One of its editorials advised Mr. Amir to stick to documenting the lives of Malay heroes. (Most Malaysian Communists were of Chinese descent.)

Racist are we?

My maternal grandfather was shot by the communists when my mother was but a few months old. I never knew him.

As a result, there is NO love lost between me and the communists - regardless of race, but I resent the restriction of my individual right to watch any movie about communists or communism.

After a screening was held for Malaysian members of Parliament, the home minister, Radzi Sheikh Ahmad, said the real problem was that the absence of violence in the documentary could create the misconception that Chin Peng was not himself violent.


Mr. Amir said, "I think this is the first time a film has been banned for not being violent enough."

Hell yeah. They're running out of decent excuses, too.

Friday, 19 January 2007

The Morality Police - Movies

Oh yes, the bane of every self-respecting, remotely intelligent individual.

Apparently, someone thinks you are TOO STUPID to make decisions for yourself, so someone has taken it upon themselves to make it on your behalf.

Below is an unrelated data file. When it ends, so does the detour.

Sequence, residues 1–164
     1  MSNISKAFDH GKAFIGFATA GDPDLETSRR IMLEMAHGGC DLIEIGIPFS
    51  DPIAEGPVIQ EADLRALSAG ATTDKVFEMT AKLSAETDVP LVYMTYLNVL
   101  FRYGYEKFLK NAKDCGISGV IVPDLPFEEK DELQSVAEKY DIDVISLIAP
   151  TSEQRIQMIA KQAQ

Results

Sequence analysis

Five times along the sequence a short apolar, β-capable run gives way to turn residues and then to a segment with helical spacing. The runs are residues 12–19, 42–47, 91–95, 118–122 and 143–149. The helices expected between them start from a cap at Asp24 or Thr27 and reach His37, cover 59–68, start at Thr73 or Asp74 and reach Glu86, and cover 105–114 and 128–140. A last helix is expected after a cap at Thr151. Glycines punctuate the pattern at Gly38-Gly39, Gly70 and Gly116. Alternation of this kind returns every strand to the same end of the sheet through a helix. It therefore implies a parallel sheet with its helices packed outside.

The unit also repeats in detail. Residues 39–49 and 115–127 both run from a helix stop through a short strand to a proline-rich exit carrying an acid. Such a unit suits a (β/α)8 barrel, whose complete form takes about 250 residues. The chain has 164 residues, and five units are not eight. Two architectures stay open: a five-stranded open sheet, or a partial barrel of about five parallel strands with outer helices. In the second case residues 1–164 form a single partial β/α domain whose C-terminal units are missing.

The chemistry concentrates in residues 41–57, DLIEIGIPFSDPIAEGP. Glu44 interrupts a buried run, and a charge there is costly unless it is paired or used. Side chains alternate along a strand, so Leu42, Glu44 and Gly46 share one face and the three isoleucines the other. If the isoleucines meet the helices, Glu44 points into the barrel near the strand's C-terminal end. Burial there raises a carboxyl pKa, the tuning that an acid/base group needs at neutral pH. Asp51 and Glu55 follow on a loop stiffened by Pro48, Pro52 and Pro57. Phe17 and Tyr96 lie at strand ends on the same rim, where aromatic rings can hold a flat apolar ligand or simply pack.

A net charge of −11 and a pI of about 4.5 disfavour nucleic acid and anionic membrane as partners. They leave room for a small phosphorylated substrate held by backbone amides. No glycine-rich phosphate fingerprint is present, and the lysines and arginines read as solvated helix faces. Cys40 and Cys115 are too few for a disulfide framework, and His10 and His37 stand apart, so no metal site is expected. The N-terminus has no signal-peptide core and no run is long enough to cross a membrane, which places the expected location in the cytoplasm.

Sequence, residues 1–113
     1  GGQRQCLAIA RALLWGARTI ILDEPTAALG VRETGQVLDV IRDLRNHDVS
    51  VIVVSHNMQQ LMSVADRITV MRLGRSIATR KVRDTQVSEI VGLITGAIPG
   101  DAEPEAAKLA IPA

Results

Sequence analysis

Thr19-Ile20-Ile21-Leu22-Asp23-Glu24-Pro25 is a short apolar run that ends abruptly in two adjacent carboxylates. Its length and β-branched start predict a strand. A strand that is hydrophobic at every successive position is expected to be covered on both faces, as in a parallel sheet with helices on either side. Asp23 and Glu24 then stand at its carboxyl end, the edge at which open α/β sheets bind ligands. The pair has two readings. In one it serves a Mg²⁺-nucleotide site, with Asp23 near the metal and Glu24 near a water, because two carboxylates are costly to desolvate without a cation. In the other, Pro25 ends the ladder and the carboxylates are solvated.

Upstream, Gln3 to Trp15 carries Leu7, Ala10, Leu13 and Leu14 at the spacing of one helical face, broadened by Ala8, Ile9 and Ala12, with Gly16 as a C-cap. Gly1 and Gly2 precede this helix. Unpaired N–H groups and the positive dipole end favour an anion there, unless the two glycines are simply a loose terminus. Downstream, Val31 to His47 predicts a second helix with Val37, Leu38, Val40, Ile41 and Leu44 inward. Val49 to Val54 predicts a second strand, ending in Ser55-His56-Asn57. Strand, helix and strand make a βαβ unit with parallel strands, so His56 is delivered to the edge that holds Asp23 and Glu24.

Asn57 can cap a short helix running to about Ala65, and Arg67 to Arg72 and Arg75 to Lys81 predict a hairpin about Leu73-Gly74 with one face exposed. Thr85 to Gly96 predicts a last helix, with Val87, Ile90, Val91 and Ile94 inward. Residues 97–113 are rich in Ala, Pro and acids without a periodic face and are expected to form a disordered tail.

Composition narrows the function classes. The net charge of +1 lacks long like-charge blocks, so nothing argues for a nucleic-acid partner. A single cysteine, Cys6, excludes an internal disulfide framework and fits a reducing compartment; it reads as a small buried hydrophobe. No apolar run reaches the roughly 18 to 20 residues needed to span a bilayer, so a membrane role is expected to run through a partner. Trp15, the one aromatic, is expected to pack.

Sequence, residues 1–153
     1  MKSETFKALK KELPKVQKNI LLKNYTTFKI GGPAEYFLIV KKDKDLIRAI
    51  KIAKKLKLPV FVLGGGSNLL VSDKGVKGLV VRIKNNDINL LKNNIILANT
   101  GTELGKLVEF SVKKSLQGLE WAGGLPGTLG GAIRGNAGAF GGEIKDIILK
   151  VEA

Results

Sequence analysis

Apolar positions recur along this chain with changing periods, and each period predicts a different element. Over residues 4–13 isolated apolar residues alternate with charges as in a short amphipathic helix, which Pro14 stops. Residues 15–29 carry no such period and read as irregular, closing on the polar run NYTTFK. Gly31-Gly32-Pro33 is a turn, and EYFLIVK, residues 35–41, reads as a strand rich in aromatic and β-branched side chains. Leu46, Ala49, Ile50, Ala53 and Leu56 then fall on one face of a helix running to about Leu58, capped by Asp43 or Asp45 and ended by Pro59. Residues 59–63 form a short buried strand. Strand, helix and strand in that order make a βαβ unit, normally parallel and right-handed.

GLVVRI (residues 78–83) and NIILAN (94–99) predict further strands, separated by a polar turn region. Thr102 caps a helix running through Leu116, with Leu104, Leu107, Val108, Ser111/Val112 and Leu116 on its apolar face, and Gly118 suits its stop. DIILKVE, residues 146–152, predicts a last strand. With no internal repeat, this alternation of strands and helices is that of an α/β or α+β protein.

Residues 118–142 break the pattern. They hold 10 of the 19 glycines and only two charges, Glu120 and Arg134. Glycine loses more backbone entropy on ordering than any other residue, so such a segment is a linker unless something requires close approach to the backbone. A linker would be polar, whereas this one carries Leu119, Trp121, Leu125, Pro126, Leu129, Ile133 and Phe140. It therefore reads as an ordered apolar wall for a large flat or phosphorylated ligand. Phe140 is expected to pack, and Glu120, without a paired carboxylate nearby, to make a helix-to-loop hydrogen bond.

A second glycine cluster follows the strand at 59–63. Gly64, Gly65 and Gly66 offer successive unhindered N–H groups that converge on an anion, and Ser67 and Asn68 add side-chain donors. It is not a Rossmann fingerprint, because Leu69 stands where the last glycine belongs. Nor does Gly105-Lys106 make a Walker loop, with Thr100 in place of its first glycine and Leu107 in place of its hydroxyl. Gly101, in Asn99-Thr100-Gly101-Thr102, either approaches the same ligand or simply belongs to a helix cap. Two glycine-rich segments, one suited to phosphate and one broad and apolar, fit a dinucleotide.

The Malaysian censorship board is a prime example.

They consistently outdo themselves with Idiotic Reasons To Ban A Film.

Top on the list is Austin Powers, The Spy Who Shagged Me for too much sexual innuendo. It was a goddamn spoof, for crying out loud.

Anyone with a desire to emulate Austin Powers or worse, shag him would be in dire and desperate need of some serious counselling already - I doubt there'd be room for further damage potentially caused by watching the movie.

So why did the National Film Censorship Board ban it?

"In order for us to instil good morals and values in our people, we have to stop importing films that are not appropriate for our country," Board chairman Shaari Mohamad Noor commented.

Information Minister Tan Sri Khalil Yaakob adds his two cents worth. "One must consider the "social damage" caused by certain movies especially when "a certain trend of thought is embodied in the film".


We really need all that protection, you know.

Good ole Kylie Minogue got the cold shoulder as well.

TV programs aren't spared. Two episodes of Friends, The Video Tape, and But I'm A Cheerleader, as well as an Ally McBeal release, The Queen fell victim to the Senseless-ship Board.